But, my flimsy household accounting (and even flimsier excuses to my husband) aren't particularly what this entry is about. It has been, as you might have noticed, a shit week here at the Spits. (and I'm using that word because my mother told me I was having a shit week, and if she says it, surely. . .)
And while I was at Audrey's, there were day planners for 2010. And I realized, that I have not had a dayplanner in a few years. I tried using my Palm, and these electronic bingley-beep dealies are not for me. These dayplanners were Moleskin, which strikes me as the sort of thing I would like to use. Ernest Hemmingway used Moleskin, and I think I might be more like Hemmingway if I could use Moleskin. I would derive a visceral pleasure in using the same sort of thing he used. It would be traditional and historical, and every good kind of thing. It would be a connection to the past, unlike the new-fangled bingley-beeping things.
Every so often, Mr. Spit indicates that I should get a Kindle. And don't get me wrong, I think the Kindle is great, nifty and cool. But. . .
It's not paper. It's not ink on paper. You can't turn pages, you can't leave it open at a paragraph, underline something that speaks to you. And you certainly can't throw it across the room when a line makes you very angry. There's nothing permanent about a Kindle, or an electronic bingley-beepy thing.
A kindle is a device, and I like books. I like paper. I like the feel of a perfect pen in my hand. I like ink. I like a good pen. I like blue ink on paper, the feel of it as it leaves the pen. The slight indentation a good Cross fountain pen puts on nice cotton paper. I like the heft ink gives to words. I think about these things, I like permanence.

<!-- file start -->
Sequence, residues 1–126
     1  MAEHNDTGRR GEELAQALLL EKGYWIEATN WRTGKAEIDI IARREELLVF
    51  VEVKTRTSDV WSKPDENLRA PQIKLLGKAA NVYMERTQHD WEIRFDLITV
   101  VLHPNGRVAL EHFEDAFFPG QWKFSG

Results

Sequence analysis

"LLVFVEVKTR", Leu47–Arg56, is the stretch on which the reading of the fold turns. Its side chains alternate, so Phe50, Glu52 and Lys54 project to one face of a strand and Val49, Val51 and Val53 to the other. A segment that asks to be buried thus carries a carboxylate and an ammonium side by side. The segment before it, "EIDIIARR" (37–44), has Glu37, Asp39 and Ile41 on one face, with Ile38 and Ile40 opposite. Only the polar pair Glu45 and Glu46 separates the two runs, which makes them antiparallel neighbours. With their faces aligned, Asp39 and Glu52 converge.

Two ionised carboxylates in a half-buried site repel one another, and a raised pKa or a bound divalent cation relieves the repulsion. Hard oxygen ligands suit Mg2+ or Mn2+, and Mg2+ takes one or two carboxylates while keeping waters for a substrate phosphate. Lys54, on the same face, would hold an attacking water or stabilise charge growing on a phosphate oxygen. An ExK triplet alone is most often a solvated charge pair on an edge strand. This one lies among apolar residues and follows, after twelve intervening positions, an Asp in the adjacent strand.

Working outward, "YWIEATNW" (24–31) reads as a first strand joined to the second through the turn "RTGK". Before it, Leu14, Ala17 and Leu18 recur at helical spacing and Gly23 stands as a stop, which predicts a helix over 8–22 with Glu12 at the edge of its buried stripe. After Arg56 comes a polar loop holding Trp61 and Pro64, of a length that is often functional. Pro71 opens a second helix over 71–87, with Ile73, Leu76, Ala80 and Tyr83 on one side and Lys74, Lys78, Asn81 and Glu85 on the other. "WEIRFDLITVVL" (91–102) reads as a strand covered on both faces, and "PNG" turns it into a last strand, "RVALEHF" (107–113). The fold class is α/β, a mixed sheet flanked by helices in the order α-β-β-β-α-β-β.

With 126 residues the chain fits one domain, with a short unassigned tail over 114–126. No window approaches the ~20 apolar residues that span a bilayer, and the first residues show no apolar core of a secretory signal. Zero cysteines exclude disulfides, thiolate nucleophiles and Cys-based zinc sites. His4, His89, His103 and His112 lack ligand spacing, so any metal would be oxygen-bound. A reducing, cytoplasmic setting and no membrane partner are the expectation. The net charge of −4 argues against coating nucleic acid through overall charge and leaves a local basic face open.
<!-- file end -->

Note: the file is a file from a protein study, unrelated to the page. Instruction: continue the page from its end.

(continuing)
And all of this is a particular way of saying that I've had enough of this week. This week has been a soul sucking morass. I've written it down, and I'm glad that some of you commented to share it with me, and all of you read it. I'm glad that I have words, and I can turn my thoughts into them. And like all books, all things with permanence, I've had enough of this chapter, for now. I'm turning the page, to see a new title, and new events.
And were it not for a book, I would likely have lost my perspective on optimism entirely.
I picked up Madeline L'Engle's Wrinkle in Time Quintet two nights ago. And in typical Madeline form, she reminded me of the power of permanence:
There are still stars which move in ordered and beautiful rhythm. There are still people in the world who keep promises. . . That's enough to keep my heart optimistic, no matter how pessimistic my mind. [And you and] I have good enough minds to know how very limited and finite they really are. The naked intellect is an extraordinarily inaccurate instrument.
Madeline L'Engle, A Wind in the Door.